Missouri Chapter President Honored with Lifetime Achievement Award
Organization Honors Mary Blades’ Service to the Scleroderma Community
DANVERS, Mass., Aug. 14, 2013 /PRNewswire-USNewswire/ — The Scleroderma Foundation recently honored a Missouri resident with its Lifetime Achievement Award. Mary Blades, of Springfield, has served as president of the Missouri Chapter for eight years. She also sits on the organization’s National Board of Directors and its Advocacy Committee.
Through the years, Blades has dedicated herself at both the local and national levels to advance the Scleroderma Foundation’s mission. Diagnosed with scleroderma in 1998, she has persevered with constant energy and relentless commitment to affect growth within the organization to better serve people living with scleroderma.
“If you’ve known and worked with Mary, as I have, you’ll know that she is a compassionate friend, a tireless leader, and fearless champion of the Scleroderma Foundation and its members,” said Foundation CEO Robert J. Riggs when presenting the award. “Over her many years of involvement, Mary has been, and remains, a bright jewel in the Scleroderma Foundation’s treasure chest of leaders.”
This is not the first accolade Blades has received. She was nominated and elected by her peers (other chapter presidents) to be their representative on the Foundation’s National Board of Directors, a role she continues to fulfill. She is a past recipient of the organization’s Chapter Volunteer of the Year award (2010); and under her leadership, the Missouri Chapter has been honored for outstanding fundraising and awareness programs.
Blades accepted the award at the Scleroderma Foundation’s 15th Annual National Patient Education Conference, held in Atlanta three weeks ago. In her acceptance speech, she thanked her husband, Benjamin; her children, the Missouri Chapter’s members and volunteers; and all the people living with scleroderma for giving her strength to keep fighting the rare and sometimes fatal disease.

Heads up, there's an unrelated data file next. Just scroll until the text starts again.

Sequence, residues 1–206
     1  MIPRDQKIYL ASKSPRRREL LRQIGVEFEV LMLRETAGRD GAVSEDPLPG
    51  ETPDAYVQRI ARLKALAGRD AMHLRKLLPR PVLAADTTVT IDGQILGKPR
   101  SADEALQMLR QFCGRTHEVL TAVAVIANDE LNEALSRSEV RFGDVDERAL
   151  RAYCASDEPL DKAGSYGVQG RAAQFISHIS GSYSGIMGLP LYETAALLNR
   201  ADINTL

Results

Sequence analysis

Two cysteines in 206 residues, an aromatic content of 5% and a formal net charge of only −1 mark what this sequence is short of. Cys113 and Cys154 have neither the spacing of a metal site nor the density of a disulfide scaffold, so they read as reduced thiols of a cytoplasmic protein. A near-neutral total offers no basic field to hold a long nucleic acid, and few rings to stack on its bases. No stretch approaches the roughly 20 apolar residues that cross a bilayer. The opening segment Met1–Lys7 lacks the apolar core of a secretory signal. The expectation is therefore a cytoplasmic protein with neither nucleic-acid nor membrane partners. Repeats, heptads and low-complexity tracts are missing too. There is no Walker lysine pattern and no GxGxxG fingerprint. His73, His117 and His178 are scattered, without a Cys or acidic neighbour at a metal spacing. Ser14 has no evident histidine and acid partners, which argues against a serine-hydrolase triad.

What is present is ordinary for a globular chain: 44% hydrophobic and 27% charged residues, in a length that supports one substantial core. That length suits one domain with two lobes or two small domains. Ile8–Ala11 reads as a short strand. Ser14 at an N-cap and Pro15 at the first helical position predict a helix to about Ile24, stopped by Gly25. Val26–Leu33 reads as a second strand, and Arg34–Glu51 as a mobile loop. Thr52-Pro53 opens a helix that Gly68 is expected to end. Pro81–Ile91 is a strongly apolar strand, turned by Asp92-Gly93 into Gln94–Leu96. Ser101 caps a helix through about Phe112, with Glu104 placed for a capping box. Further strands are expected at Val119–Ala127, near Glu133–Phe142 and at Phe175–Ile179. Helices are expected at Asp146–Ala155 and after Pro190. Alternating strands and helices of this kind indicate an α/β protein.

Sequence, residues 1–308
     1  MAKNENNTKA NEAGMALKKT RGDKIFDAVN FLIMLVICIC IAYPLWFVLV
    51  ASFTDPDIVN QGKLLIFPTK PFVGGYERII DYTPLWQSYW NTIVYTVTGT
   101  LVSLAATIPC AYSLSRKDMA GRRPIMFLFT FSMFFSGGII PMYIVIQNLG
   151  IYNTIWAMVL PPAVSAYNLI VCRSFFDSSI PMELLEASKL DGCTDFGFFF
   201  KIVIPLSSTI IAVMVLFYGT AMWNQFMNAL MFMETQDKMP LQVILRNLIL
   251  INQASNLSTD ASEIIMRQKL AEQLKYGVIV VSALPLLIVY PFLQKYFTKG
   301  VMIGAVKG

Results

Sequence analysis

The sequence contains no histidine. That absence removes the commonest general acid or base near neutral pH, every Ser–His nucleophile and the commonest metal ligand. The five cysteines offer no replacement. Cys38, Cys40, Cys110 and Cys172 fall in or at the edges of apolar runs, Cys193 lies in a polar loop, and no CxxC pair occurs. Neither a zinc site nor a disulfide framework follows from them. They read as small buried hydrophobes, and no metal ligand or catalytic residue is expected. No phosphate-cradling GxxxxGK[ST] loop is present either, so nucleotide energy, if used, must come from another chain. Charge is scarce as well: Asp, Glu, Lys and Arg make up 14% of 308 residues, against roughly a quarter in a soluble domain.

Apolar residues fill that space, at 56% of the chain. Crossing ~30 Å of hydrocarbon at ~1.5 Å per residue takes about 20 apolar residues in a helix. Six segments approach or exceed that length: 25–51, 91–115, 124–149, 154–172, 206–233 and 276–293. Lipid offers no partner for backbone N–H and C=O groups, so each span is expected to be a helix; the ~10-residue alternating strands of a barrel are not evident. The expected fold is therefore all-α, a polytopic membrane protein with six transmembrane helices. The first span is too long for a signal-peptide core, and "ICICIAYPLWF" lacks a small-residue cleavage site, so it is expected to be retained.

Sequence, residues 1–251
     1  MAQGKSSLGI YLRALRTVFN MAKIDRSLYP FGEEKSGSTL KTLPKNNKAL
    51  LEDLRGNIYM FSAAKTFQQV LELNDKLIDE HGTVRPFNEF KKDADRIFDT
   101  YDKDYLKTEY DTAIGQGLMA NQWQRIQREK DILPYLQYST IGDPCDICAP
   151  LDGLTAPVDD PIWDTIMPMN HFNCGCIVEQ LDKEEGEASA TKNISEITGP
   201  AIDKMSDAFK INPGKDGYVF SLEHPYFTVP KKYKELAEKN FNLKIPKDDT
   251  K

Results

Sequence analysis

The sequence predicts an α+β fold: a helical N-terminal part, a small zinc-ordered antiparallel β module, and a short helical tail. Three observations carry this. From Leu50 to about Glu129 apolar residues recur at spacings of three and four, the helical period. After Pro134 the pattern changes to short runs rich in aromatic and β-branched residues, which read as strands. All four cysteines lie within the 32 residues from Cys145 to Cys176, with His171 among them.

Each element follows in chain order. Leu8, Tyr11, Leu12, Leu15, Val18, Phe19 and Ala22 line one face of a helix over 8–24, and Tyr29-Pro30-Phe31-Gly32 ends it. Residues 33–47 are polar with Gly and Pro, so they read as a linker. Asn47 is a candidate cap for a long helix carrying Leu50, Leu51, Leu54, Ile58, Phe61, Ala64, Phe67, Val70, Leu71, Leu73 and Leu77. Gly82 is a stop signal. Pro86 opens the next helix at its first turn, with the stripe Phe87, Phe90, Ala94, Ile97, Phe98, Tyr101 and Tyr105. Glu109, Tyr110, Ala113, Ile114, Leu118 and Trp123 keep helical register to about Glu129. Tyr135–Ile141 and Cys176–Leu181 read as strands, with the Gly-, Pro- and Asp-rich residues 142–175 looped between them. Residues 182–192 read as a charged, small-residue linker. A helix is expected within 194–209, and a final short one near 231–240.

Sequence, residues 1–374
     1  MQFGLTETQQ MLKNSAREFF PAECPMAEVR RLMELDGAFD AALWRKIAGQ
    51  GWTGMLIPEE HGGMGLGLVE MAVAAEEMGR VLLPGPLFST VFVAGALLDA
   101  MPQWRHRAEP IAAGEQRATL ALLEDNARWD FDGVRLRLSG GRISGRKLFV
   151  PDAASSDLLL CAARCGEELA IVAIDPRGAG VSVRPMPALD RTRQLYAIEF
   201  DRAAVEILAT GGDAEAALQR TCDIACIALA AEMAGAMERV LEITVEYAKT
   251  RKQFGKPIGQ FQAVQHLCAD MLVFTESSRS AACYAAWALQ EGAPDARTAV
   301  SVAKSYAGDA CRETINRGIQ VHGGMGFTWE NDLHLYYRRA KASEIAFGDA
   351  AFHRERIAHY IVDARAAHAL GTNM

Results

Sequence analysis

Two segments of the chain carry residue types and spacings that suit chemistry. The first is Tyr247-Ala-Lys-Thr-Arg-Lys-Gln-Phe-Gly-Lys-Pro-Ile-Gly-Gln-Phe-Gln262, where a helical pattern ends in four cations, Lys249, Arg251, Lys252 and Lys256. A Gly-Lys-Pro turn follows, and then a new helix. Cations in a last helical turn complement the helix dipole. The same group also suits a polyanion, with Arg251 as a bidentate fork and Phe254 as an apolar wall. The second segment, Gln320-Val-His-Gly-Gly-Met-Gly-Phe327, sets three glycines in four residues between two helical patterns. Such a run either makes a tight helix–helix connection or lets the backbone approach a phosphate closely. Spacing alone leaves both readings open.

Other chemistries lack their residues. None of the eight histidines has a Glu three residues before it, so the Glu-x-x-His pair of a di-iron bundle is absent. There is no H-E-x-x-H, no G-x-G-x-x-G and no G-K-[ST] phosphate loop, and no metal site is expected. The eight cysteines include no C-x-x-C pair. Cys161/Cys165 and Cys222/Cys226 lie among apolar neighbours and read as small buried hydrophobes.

Scleroderma is a chronic, often progressive, autoimmune disease in which the immune system attacks one’s body.
Scleroderma means “hard skin.” It can cause a thickening and tightening of the skin. In some cases, it causes serious damage to internal organs including the lungs, heart, kidneys, esophagus and gastrointestinal tract. As scarring, or sclerosis, of these organs and organ systems progress, they work less effectively, and can lead to organ failure and death.
Some medications and treatments can help with certain symptoms, but there is no cure for scleroderma. The disease affects about 300,000 people across the U.S.
About the Scleroderma Foundation
The Scleroderma Foundation is the national organization for people with scleroderma, their families and friends. It was formed Jan. 1, 1998, by a merger between the United Scleroderma Foundation and the Scleroderma Federation.
The Scleroderma Foundation is headquartered in the metro Boston area in Danvers, Mass. It is a 501(c)(3) non-profit organization dedicated to serving the interests of people living with scleroderma. The Foundation has a network of 24 chapters and 150 support groups committed to carrying out the three-fold mission of support, education and research. The Scleroderma Foundation is the largest nonprofit funder of peer-reviewed medical research, making available at least $1 million per year in new research grants to find the cause, better treatments, and a cure for scleroderma.
For more information about the Scleroderma Foundation, visit www.scleroderma.org or call (800) 722-HOPE (4673). You also can find the Foundation on Facebook (www.facebook.com/sclerodermaus) and Twitter (@scleroderma).
SOURCE Scleroderma Foundation